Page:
"Would you like a bento?"
Why is this "ikaga" and not "hoshi"? Really confused on the construction of this sentence!
~wa ikaga desuka? Is the way of offering something.
It's the same as how ~masen ka? is the way of inviting someone for something, and should not be understood as "isn't it ~?"
いかが is kinda like saying "how about some...?" You are asking if someone would like some of what you are offering
Why does it require "おべんとう" at the beginning? I know the difference, but shouldn't "べんとう" be accepted without the prefix as well?
How should I distinguish between "would you like a bento?" and "how is the bento?"?
Context? If the person is already eating a bento you're asking how is it, if you're the one eating it and the person is looking at you like a dog looks at the grill at a barbecue, you're asking if they want one.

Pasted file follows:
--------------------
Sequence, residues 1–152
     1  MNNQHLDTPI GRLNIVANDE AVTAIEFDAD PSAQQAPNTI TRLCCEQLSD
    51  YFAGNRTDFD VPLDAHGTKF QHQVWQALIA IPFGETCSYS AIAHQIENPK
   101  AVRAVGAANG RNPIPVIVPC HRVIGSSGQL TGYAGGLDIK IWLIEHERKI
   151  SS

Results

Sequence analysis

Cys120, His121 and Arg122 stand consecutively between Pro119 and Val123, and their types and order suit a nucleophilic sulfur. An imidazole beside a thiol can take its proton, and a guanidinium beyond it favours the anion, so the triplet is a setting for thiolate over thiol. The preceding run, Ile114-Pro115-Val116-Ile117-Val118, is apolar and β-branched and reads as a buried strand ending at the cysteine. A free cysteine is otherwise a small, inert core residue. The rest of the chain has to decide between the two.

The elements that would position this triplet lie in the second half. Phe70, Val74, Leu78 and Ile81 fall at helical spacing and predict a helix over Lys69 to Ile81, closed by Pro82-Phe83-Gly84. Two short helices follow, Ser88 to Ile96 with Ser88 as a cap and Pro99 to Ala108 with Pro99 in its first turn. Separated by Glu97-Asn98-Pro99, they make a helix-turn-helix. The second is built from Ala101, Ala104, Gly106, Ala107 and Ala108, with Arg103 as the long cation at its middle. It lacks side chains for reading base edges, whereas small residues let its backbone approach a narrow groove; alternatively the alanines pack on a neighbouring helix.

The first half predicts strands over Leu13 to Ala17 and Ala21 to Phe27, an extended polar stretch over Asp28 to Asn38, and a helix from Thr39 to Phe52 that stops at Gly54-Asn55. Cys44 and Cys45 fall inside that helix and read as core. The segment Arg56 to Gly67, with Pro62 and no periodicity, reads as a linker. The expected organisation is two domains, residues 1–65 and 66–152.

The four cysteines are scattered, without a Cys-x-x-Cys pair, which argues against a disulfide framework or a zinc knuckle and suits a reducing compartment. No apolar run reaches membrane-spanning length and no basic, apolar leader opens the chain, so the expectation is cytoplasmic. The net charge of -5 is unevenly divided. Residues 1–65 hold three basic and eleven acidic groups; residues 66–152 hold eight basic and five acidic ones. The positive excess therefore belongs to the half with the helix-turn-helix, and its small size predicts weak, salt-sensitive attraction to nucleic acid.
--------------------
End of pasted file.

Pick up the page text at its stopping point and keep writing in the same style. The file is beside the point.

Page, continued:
Ikaga is "how about" i believe so is more like asking if they would like to accept their gesture rather than just if they want it.
Why is べんとう not the direct object here? Why is it は, not を? Does it relate to the meaning of いかが?
Literally translated, the sentence reads "Regarding a bento, how about it?" いかが Isn't a verb, just like ほしい and 好き aren't verbs (although Duo teaches them as if they were). ほしいです means "it is desired" and 好きです means "it is liked." The verb in this sentence is the "is" (です) at the end.
So we need to translate " would you like a bento" and the wordst let us mkae " how about a bento" and that is the chlosest you can get. I do not understand.
These discussions are important, as the difference between idly wondering if someone wants a thing, and offering to provide it, are quite major.
I wonder if, in japanese, you can do that joke that works in English ...
A (wanting B to bring tea for the guests ) "how about some tea?" B (misunderstanding as an offer ) "lovely, white with two sugars please ".